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My Musical Freedom is over now. Through the past year – most of my time I’ve spent on rehearsing, practicing, talking, dancing, acting and singing. Quite large chunk of work, I’d say, especially for newbies on a stage.

I have to admit – we made it. Probably even better that anybody expected.
I am proud of myself and all of us separately. I had this unique opportunity to sing on the stage, in front of 800 people gathered in the Theater – feeling that something big is going on. And feeling great.

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Agnieszka Franus – a girl who did fantastic visuals for our show – did this galactic piece of art with my face (twice) on it. Originally it is me singing Star People song 🙂 Impressive!

Here is me rehearsing my song –> YouTube –> you can watch the entire movie about improving yourself and the whole event done my Marcin Pławnicki – the movie is in Polish but has English subtitles 🙂

Wait a minute – but we are talking tech here, right?

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Right!

Summing up the musical – the closer we were to our premiere date – the more we’ve been rushing.
It sounds like

EVERY

IT

PROJECT…

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True.

I believe that each (Agile) project has those three phases:

  1. We have to deliver product x somewhere in the future.
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    We know our deadline – more less what to do, but think also about huge timeline in front of us.
  2. We have a month to the release date.
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    All hands or deck, saving the deadline, doing over hours, fixing tons of bugs 🙂
  3. After several patches it is finally in production. 😉
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    You can rest now.

With the musical it was pretty much the same. We’ve started form small scenes, exercises, vocal warm ups. We did a lot of those, as the premiere date was far ahead from us. We’ve been practicing for several moths, but still “had plenty of time”. We took our time to learn lyrics, scenes, prepare our roles, stenography and costumes, did it slow with no rush, some people came up to every rehearsal, some did not. We knew our deadline, but did’t feel it yet.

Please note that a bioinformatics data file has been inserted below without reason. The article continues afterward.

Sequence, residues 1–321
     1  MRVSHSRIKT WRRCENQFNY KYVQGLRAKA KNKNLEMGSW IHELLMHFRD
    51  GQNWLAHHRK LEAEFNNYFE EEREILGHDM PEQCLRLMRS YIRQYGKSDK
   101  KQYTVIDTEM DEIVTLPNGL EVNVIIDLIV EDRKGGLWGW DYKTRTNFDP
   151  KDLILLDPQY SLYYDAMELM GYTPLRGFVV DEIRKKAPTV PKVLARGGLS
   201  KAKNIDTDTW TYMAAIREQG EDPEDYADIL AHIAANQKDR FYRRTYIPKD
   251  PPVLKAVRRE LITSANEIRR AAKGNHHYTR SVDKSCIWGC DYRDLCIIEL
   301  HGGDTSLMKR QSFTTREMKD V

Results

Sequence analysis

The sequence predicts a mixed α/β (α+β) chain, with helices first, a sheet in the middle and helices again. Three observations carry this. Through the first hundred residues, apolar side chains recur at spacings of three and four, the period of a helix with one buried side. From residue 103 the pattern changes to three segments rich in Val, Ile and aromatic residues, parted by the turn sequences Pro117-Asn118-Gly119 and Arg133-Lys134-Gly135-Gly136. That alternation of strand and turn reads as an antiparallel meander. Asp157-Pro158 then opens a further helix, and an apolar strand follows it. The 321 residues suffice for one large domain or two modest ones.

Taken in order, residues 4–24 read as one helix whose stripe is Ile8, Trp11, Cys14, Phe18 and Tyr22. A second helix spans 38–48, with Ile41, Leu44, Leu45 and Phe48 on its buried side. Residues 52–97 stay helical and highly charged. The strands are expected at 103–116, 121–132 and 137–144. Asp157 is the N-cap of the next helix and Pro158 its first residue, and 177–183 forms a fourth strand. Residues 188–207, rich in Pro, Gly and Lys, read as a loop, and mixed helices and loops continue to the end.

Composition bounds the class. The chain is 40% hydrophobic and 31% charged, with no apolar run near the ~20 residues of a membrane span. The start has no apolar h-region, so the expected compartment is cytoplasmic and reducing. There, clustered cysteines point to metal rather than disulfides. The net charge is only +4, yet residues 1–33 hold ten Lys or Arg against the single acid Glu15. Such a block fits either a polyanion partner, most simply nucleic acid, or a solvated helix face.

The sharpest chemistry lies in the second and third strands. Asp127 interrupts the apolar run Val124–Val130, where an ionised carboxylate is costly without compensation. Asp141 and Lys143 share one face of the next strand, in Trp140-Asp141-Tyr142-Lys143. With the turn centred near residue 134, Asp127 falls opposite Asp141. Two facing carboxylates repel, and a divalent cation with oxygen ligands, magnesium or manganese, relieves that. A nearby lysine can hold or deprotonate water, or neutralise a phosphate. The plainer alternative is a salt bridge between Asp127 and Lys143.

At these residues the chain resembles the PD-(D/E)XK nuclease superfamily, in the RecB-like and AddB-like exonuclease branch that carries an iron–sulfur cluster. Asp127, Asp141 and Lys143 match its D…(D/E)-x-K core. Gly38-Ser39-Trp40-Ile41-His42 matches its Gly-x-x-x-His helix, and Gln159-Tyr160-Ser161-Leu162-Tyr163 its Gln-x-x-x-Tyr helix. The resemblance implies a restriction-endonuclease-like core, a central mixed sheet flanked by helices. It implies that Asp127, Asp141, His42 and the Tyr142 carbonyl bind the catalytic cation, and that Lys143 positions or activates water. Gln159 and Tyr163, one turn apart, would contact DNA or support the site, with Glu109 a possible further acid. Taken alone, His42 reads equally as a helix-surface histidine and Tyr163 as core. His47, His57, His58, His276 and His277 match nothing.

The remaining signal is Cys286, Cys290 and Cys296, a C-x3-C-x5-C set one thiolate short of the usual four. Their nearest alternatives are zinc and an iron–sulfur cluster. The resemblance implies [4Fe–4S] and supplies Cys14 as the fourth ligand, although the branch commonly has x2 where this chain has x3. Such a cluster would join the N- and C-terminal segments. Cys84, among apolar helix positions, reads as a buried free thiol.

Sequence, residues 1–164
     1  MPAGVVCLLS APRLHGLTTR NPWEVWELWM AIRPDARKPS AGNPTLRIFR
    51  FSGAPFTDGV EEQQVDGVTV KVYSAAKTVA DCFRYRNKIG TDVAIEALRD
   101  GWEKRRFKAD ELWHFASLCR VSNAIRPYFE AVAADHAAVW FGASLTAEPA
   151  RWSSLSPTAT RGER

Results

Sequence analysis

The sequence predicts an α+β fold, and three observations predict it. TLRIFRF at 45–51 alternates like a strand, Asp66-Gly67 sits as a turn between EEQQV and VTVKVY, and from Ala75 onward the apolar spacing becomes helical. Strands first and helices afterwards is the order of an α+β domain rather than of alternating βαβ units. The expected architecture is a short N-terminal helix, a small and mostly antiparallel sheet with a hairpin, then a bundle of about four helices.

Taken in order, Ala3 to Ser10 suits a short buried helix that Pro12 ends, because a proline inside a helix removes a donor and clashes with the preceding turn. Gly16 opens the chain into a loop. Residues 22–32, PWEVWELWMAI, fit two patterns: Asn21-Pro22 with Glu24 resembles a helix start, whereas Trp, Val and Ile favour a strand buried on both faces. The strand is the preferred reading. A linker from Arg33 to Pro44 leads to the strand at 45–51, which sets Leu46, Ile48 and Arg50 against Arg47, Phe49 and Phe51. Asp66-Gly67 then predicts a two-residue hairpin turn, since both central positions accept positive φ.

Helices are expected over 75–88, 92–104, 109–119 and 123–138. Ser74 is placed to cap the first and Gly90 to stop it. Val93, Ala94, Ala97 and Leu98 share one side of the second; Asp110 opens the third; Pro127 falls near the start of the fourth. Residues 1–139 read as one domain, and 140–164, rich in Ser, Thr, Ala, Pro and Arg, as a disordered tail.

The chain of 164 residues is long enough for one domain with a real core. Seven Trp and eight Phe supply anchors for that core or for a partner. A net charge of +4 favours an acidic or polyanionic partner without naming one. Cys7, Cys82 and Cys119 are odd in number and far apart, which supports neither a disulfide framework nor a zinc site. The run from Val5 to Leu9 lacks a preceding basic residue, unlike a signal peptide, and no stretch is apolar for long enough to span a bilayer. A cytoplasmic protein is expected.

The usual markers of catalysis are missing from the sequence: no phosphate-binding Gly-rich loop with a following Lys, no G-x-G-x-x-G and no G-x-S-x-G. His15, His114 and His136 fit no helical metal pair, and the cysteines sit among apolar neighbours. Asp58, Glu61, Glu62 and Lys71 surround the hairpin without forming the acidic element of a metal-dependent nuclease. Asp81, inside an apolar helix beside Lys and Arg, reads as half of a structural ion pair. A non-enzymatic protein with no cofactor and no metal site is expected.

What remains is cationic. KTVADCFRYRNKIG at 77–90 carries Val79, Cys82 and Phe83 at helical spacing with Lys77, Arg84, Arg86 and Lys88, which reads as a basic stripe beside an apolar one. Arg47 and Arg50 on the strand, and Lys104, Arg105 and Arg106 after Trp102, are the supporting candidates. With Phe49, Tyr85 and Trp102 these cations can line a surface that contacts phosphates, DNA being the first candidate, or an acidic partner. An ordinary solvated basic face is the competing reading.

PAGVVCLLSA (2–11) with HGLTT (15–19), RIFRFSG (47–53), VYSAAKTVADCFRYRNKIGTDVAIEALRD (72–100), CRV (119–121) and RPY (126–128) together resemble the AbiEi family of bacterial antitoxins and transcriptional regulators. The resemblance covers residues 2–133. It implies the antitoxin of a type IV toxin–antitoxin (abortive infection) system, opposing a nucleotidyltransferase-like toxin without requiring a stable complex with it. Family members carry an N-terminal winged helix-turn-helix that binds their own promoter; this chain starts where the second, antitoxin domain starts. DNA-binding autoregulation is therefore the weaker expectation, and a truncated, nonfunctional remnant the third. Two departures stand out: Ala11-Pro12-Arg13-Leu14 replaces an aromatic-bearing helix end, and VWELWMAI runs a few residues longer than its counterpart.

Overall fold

When the premiere’s date emerged – I’d say during a month before The Big Day – we were able to finish all the scenes, which has been half-done for months, have all decorations and costumes prepared (at least several times in a row, because our director was tend to change her mind often), learn lyrics and songs by heart, do new vocals, record them, record them again, as they were not good enough, do it all in our  rehersal place and to it all again on the real stage in the theater. We’ve spend multiple over hours, night hours, morning hours and lunch hours rehearsing in order to make us and the audience happy.

How many times were you able to spend your extra time just to make sure that your production code work as requested? Just to make sure that the release went smooth, just to make sure that there is no issue with production database, customer data or performance? We did pretty much the same with our theater performance.
I’d say we were extremely agile and I assume that every actor, singer and performer is agile as well in the IT – agile way.

We had different conditions in our rehearsal hall than in the real theater and we had to adjust really quick.

Our director demanded changes in the play all the time – it was too slow, too shy, too quiet, needed more moves, less moves, more people, less people, different entrances… We had to respond to all changes at once. Each of us in individual scenes and all together as a choir, a team.
I was stunned that it all looked like big IT project. With the same dose of chaos, energy and motivation. People with no, quite and lot of experience and skills, speaking different languages, having different habits and customs. Together with one goal. I think that every scrum master I know would be pleased taking part in it.

We had no daily meetings – so some of you would say – oh, so it’s not Agile, it’s not Scrum.
We were having just moving speeches done by hour director about what was good and what needs to be improved. I would compare it to a retro meeting – done daily 🙂

I believe that it is not the matter of IT project – this whole 3-stage approach. Maybe it is not even the matter of Agile, Waterfall or any other fancy way of work you choose. It is rather a way of how we – the people – tend to work. If you are a Tester, PO, Scrum Master or any Actor on a stage – you will be dedicated to your project if it matters to you.

When we have:

A GOAL that  is understandable for every member of project team (it may include the deadline or release date as well),